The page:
Es document count != wc -l output of file after sending data with logstash?

Hi friends! I've got what I thought was a simple configuration -- the input is a file that passes through 3 filters -- csv to parse the file, mutate to do a character replace that makes the timestamp automatically detected as a date field, and the removal of the original message. The output of this is sent to Elasticsearch.

When it completes however, the document count seen for the index is less than the number of lines in the csv file.

The logstash-plain.log file doesn't show any errors.

I've done a test where the output is a file instead of to Elasticsearch, and the line counts match between the input and output files.

I believe that narrows down the problem to Elasticsearch dropping documents (schema conflict?), although I'm not certain how to discover that this is going on. Are there logging settings I can enable that would reveal dropped events, or a configuration I can set for the Elasticsearch output to send dropped events elsewhere? I tried --log.level debug, but I don't know what to filter if something wrong did happen.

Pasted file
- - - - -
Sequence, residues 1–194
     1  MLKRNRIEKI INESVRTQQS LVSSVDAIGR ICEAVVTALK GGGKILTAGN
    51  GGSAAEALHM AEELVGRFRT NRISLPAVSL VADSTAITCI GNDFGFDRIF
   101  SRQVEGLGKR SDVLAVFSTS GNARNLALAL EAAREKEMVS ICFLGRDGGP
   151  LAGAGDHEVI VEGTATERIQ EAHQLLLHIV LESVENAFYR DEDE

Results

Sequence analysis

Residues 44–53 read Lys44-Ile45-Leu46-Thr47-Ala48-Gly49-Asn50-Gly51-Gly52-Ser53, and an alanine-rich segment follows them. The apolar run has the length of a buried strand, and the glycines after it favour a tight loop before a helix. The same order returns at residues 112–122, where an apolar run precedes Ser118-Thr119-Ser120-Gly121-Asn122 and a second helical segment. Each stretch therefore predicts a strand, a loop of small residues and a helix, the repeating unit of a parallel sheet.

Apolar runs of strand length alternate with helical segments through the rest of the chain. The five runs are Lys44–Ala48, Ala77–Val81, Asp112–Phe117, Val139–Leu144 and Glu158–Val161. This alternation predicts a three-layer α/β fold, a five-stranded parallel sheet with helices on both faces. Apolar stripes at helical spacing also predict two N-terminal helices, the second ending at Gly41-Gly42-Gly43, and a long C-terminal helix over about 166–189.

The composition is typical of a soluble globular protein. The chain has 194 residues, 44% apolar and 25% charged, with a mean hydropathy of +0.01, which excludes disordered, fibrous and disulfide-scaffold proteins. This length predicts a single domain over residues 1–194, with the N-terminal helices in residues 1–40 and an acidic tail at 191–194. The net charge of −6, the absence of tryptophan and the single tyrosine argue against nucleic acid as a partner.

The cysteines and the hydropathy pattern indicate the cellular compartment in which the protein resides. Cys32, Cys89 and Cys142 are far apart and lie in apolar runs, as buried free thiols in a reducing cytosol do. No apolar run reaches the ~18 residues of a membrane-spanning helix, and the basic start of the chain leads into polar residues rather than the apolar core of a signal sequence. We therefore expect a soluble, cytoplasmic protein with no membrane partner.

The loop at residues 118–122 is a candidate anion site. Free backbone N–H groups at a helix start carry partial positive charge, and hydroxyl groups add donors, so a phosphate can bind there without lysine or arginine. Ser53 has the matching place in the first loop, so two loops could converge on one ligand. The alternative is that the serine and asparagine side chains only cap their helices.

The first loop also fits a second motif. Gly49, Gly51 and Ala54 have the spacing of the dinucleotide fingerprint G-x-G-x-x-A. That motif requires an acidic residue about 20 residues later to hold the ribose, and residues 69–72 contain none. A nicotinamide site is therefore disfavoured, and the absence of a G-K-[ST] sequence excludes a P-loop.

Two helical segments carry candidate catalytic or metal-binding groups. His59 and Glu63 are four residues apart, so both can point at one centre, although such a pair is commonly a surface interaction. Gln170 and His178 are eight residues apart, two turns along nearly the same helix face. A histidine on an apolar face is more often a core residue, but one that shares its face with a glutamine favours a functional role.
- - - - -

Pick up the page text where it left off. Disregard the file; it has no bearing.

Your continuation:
If Elasticsearch was rejecting events you would be seeing

[WARN ][logstash.outputs.elasticsearch][...] Could not index event to Elasticsearch.

in the logstash logs. You do not need to enable DEBUG logging. If events are being rejected you can set up a DLQ to receive them.

Are you setting the document_id option on the output? If so, is it possible you are overwriting documents?

@Badger Thanks for the quick reply! For one of my tests I did try fingerprinting "message" and setting the id to the fingerprint. If there was an overwrite, I should expect the 'Deleted documents" count to be non-zero right?

I'm going to enable DLQ and see what happens -- I've removed the fingerprinting stuff in the meantime.

Related to these tests I've been doing -- even though I've got "start_position => 'beginning'" set for the file input, it looks like logstash might still be using the since_db file. For instance I tried sending the file to a different index name, but logstash didn't send any data. Is this by design? Since then, I've been deleting that sincedb file and deleting the index before each test to make sure everything's clean.

For testing purposes I would recommend that you set sincedb_path to /dev/null, this would make logstash not store the last position read beween the runs.

logstash always uses an in-memory sincedb, that will be persisted across pipeline or process restarts unless sincedb_path is set to "NUL" (on Windows) or "/dev/null" (on UNIX).

Thanks all!

Okay, so now I'm really perplexed. I stopped logstash, killed the sincedb file, and deleted the index in ES.

I fired logstash back up again and let it run until the document count stopped incrementing. Oddly this time, the count is higher than the number of lines in the file. The total document count shows 97811172.